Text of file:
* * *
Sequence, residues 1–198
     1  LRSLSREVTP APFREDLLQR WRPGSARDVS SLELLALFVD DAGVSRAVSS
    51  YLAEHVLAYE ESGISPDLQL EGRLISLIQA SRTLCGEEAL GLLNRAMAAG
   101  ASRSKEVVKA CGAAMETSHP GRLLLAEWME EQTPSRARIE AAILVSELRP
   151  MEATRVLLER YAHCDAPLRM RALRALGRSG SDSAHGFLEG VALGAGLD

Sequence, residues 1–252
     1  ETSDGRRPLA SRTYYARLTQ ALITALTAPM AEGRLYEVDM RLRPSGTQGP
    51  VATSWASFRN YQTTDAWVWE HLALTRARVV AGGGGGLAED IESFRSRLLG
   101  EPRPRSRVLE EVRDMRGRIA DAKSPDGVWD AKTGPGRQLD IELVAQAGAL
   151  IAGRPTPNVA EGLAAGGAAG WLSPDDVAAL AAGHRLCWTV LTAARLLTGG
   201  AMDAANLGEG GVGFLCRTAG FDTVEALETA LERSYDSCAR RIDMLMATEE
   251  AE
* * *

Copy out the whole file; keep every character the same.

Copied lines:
Sequence, residues 1–198
     1  LRSLSREVTP APFREDLLQR WRPGSARDVS SLELLALFVD DAGVSRAVSS
    51  YLAEHVLAYE ESGISPDLQL EGRLISLIQA SRTLCGEEAL GLLNRAMAAG
   101  ASRSKEVVKA CGAAMETSHP GRLLLAEWME EQTPSRARIE AAILVSELRP
   151  MEATRVLLER YAHCDAPLRM RALRALGRSG SDSAHGFLEG VALGAGLD

Sequence, residues 1–252
     1  ETSDGRRPLA SRTYYARLTQ ALITALTAPM AEGRLYEVDM RLRPSGTQGP
    51  VATSWASFRN YQTTDAWVWE HLALTRARVV AGGGGGLAED IESFRSRLLG
   101  EPRPRSRVLE EVRDMRGRIA DAKSPDGVWD AKTGPGRQLD IELVAQAGAL
   151  IAGRPTPNVA EGLAAGGAAG WLSPDDVAAL AAGHRLCWTV LTAARLLTGG
   201  AMDAANLGEG GVGFLCRTAG FDTVEALETA LERSYDSCAR RIDMLMATEE
   251  AE